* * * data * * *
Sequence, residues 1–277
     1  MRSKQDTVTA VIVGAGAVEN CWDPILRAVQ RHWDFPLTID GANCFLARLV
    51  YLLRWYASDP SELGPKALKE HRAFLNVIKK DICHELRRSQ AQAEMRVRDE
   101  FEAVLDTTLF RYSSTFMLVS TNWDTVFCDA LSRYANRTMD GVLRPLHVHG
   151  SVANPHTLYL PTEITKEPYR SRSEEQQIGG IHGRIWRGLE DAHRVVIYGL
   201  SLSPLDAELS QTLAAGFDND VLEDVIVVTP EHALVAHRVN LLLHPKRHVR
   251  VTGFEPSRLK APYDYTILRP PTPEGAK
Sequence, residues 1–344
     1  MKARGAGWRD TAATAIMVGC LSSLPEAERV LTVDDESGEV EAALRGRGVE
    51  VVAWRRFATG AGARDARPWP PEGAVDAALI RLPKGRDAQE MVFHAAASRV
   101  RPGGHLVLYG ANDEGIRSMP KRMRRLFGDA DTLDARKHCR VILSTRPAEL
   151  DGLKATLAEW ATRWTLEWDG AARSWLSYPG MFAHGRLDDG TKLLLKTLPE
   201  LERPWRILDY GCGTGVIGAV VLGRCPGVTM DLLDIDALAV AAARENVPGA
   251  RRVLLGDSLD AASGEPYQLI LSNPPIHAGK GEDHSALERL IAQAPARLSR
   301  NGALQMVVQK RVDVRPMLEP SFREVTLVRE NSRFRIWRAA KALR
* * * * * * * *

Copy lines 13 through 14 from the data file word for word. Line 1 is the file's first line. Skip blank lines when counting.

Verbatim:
   201  LERPWRILDY GCGTGVIGAV VLGRCPGVTM DLLDIDALAV AAARENVPGA
   251  RRVLLGDSLD AASGEPYQLI LSNPPIHAGK GEDHSALERL IAQAPARLSR